Winter Wine Tasting on the North Coast
There’s nothing like sipping wine on a damp, chilly day — the sea breeze in the air or a warm fire nipping at your toes. When you visit the North Coast this winter, where do you go to drink wine? Here’s our roundup of some favorite local spots:
Have you ever tried cranberry wine or chocolate orange wine? Owner/winemaker Paul van der Veldt has played with funky flavors and concepts over the past 30 years and invites visitors to learn about his unique style at his one-man tasting room in Astoria. The Cran au Lait is made with whey instead of water, and the chocolate orange wine is made in a liqueur style, both favorites for the holidays. Pull up a seat in the tasting room, two doors down from the Columbia River Maritime Museum. The site — with grand views of the Columbia River — was a former auto plant, refrigerator locker rental business and bike shop until van der Veldt bought and remodeled it in the 1970s. Fun fact: The winery’s name comes from the Latin word for salal, Gaultheria shallon — the owner’s favorite local wild plant, native to the Coast Range.
Less than three hours west of their flagship tasting room in Hood River, the Seaside tasting room (as well as McMinnville and Bend) are extensions of Naked Winery’s fun, risque and more playful approach to drinking wine. Labels like Naked Cowboy and Orgasmic Tempranillo may make you blush, but they’re undeniably fun to try. Their Outdoor Vino label, meant to be enjoyed outdoors, comes in a BPA-free plastic bottle that is recyclable and reusable, and one-sixth of the weight of a glass bottle, with a lower carbon footprint. The winery sources from vineyards across Oregon, including the Columbia Gorge, Willamette, Applegate and Rogue valleys. Try the Rambling Red this season at a beach campfire near you.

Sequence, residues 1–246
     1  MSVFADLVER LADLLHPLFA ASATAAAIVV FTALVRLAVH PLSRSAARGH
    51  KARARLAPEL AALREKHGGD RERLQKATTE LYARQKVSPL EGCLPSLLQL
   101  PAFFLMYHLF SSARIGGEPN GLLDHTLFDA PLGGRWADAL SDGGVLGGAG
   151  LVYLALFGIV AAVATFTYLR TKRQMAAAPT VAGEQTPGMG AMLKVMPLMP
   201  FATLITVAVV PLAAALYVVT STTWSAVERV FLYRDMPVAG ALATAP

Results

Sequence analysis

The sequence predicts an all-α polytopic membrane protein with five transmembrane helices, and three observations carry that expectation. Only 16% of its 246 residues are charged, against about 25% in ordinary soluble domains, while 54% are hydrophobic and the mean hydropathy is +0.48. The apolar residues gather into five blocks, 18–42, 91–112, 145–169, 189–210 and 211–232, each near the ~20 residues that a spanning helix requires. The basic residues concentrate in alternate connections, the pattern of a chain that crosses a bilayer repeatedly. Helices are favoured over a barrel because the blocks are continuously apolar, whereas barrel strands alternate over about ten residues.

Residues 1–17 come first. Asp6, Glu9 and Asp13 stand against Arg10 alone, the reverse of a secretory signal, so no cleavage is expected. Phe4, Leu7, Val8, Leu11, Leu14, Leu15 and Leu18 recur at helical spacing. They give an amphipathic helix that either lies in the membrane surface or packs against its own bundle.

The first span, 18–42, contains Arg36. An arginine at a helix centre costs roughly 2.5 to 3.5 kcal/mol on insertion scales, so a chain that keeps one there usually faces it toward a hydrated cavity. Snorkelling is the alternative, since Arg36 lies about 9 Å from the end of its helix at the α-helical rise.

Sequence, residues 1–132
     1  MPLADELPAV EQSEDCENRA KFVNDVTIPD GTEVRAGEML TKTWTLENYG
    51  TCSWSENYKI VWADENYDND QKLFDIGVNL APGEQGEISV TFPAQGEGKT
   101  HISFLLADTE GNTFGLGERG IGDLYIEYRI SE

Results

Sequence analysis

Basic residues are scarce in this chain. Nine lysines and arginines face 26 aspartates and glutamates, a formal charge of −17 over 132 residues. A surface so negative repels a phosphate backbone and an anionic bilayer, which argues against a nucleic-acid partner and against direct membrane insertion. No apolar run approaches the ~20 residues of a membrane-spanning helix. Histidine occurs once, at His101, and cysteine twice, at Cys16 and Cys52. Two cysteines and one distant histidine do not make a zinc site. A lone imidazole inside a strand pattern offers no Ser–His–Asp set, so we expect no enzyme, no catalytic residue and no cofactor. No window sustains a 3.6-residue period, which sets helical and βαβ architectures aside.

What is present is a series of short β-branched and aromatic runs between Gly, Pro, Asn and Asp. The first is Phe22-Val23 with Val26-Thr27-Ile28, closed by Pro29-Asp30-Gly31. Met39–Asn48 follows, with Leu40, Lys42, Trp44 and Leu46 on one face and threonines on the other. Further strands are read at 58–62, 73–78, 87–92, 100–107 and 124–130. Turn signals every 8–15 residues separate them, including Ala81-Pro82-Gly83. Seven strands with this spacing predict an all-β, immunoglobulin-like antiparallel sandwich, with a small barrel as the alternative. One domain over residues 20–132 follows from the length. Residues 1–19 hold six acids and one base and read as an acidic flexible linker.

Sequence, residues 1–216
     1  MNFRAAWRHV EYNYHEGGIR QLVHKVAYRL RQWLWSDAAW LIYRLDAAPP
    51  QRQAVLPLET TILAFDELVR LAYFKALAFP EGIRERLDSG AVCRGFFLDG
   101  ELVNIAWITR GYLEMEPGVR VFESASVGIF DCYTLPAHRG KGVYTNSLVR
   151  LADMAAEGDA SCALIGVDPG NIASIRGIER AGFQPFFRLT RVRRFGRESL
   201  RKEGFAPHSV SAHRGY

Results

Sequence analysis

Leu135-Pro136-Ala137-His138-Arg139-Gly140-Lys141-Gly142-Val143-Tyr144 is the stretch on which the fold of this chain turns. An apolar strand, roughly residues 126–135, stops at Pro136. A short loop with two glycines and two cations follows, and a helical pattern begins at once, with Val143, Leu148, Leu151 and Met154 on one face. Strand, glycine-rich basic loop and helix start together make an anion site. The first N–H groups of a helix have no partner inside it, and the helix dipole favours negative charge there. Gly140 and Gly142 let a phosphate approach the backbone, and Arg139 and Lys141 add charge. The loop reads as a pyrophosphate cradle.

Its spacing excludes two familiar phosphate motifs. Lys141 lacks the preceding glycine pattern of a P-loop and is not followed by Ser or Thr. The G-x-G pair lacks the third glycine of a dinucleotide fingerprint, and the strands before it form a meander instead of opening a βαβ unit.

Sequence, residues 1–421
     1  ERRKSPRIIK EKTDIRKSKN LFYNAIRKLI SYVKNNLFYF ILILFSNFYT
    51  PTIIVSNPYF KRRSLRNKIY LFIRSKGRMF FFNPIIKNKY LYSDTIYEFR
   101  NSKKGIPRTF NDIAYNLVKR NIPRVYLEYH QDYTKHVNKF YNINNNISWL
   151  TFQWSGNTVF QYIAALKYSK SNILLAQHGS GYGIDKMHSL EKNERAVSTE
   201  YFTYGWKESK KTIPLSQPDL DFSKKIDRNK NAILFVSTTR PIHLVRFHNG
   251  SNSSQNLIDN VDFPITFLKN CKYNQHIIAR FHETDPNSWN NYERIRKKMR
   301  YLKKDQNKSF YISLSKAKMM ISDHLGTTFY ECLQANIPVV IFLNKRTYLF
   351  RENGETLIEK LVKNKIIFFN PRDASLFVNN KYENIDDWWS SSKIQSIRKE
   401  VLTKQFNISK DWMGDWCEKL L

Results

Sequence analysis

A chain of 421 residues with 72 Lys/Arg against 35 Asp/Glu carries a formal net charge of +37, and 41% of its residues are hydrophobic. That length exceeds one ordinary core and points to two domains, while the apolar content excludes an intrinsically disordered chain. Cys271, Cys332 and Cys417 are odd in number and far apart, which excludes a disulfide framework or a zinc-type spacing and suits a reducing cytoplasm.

Opened in July 2016 in one of the boutique-lined alleys of North Hemlock Street, this tasting room (adjacent to Cannon Beach Distillery) is hard to find, but worth the trip. Slide up to the tasting bar to sample some of the 31 wines and two hard ciders offered. Each of the wines are produced at the family-run vineyard in Washington state plus their newest release — a sparkling rose, made from grapes at Kitara Vineyard in Canby. While there are two wine shops in Cannon Beach, grape-to-glass winemakers haven’t had a presence here until now, says Westport cofounder Kim Roberts, whose son is the winemaker. Cheese, chocolate and charcuterie round out the experience, and a well-curated gift shop makes for easy gift-giving.
Owner and winemaker Mark Proden put down roots here in summer 2017 after producing small-batch wine in Salem, making fruit wine in Hawaii and flying planes for 11 years with the U.S. Air Force. Inspired by the sea, he’s created a romantic but also playful and dog-friendly tasting room experience on the North Coast, complete with vines and light strands, courtyard, cafe, Adirondack chairs, fire pits, second-floor ocean-view deck and upper-reserve tasting room. Hang out and take in a tasting or flight of Oregon pinot noir or his eclectic pineapple, guava and mango wines. Also enjoy the convenience of a full lunch/dinner/appetizer menu as well as kids’ menu, picnic lunches to-go, and even water bowls and home-baked treats for the doggies in tow.
Pioneer winemaker Pat McCoy started making blackberry wine here in 1974, and it’s still a classic at this coastal vino hot spot, a former site of one of the Tillamook Creamery buildings in the early 1900s. Since 1993, owner Ray Shackleford has added a full lineup of wines and transformed the grounds into a go-to venue for local bands, community feasts and other events. Pull up a seat at the tasting room, enjoy Tillamook cheese and crackers with your flight, and try everything from a Nehalem Red Sweet to a Cranpere — a white riesling blended with cranberry. Pairs well with any hot tub.
With everything from a sparkling syrah to cabernet sauvignon, merlot and table wines for under $20, this wine bar in downtown Pacific City is a people-pleaser. Since 2008, owners Chenin and Sean Carlton have brought their deep roots in winemaking and their sense of whimsy to offer “fabulous, value-oriented wines” (produced in nearby McMinnville) in a relaxed atmosphere. They served local craft beer too, because as they say, it takes a lot of beer to make great wine.
Story by Jen Anderson
Photo of The Winery at Manzanita by @DogGoneOregon